Friday 9 December 2022

What support do children and young people actually want when their parents use drugs and alcohol?

Posted by Cassey Muir, Fuse & NIHR School for Public health Research (SPHR) funded PhD Researcher from Newcastle University and Kira Terry, Lived Experience Expert. 

“No-one has ever asked me about how I feel in any of this.”

I found the powerful quote above from a young person during my research exploring parent drug and alcohol (or substance) use from the young person’s perspective. Since then the question of ‘what support do children and young people ACTUALLY want?’ has remained central to my PhD research in this area.

Most schemes focus on the parents themselves, to reduce the risk to young people. While these interventions are needed it should be alongside and in addition to support for the child or young person as well. There are currently a very limited number of evidence-based interventions for young people whose parents use substances, with low quality effectiveness. The distribution of support services for children and young people whose parents use substances is also patchy across the country, with practitioners doing really great work with little funding and resources.

In a recently published review of the research in this area, I aimed to understand the experiences, perceived impacts, and coping strategies of young people whose parents used substances. The review was extensive - covering the perspective of over 700 children and young people from across twenty different countries - and I hope that it can help to inform practice and policy through illustrative cases of young people’s experiences, as well as giving insights into what support could be useful.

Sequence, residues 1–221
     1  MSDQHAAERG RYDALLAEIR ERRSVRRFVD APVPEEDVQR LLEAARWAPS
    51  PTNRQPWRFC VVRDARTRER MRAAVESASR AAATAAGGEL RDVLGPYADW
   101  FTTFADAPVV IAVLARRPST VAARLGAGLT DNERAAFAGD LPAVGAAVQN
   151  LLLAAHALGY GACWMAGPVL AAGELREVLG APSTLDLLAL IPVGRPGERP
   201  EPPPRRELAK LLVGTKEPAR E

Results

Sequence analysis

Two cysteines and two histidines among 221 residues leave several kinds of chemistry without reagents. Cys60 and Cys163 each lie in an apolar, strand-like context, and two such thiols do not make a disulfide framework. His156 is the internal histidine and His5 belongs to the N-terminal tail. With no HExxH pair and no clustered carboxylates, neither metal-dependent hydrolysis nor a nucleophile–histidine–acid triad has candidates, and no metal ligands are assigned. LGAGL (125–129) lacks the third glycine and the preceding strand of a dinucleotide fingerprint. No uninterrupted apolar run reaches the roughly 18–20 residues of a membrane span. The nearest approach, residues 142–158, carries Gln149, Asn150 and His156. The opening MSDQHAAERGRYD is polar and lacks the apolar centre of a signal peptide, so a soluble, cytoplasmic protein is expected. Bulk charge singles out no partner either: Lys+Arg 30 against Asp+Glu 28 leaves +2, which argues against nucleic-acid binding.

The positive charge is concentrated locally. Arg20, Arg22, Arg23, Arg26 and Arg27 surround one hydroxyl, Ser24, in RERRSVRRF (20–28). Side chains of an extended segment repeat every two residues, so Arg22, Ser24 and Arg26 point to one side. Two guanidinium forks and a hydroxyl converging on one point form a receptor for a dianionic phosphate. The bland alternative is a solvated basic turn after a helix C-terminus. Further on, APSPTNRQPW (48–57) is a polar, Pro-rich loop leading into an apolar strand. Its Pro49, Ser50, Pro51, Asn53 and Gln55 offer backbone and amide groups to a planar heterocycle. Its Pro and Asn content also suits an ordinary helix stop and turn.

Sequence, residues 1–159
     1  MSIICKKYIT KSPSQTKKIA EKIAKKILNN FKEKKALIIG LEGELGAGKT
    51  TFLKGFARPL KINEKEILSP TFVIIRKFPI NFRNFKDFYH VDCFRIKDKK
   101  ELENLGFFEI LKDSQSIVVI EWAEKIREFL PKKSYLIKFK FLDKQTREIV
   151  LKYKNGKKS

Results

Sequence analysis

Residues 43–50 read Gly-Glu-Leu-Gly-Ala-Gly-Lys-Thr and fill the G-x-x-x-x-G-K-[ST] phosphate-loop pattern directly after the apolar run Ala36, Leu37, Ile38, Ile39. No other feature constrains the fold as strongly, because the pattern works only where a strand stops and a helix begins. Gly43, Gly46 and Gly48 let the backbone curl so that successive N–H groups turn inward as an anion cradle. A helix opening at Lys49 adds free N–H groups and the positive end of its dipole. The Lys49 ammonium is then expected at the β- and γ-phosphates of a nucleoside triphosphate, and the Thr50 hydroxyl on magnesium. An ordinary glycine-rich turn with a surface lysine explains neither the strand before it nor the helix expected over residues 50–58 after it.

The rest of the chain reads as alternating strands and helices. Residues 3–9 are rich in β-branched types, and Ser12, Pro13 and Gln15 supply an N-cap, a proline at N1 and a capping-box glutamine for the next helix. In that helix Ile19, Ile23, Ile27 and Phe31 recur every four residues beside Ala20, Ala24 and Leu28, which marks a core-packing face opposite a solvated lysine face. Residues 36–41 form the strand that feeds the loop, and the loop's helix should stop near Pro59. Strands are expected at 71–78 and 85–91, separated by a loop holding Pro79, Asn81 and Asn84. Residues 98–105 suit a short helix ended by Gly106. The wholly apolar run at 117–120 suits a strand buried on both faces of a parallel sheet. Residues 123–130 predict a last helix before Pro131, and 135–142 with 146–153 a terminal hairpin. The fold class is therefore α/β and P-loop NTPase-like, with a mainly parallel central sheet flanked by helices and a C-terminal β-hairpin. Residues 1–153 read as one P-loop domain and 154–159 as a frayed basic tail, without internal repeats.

Feeling different and isolated

Working with PROPS Young Person’s Project, a group of young people with lived experience supported the early stages of this review to help us understand the findings. One area that the young people felt was missing and may not have been explored across the current studies was the experience of feeling different to their peers, and how they felt isolated and like they had to keep everything hidden from others. This idea, relating to the experience of stigma, helped me to explore the data from a different perspective.

Children and young people described living highly disrupted and chaotic lives, characterised by unpredictability and insecurity within their relationships. They also often experienced adversity occurring at the same time in childhood, such as parents with mental health problems, domestic violence and abuse, as well as poverty. Children and young people were impacted both emotionally and socially from their experiences of parental substance use, which often extended beyond their parents stopping use, further highlighting that child-focused support is crucial. The painful experience of shame, stigma, and discrimination due to their close association and relationship with a parent who uses substances, was often further compounded for those who had experienced poverty or lower socioeconomic status.

Resisting and coping

Most of the studies described the negative impacts of parental substance, without recognising children and young people’s agency and attempts to change, control, and resist their experiences or impacts. Children and young people tried to manage and mitigate vulnerabilities and be resilient to unpredictable, adverse, and stigmatising experiences. While it is not a child’s role to resist and cope with the negative impacts of parental substance use, they were trying to do this anyway, often without formal support in place. Formal support was often thought of as something children and young people only have at times of crisis and due to the stigma and fear of speaking out it was also difficult for young people to seek support for themselves before a crisis point.

What can we do to support?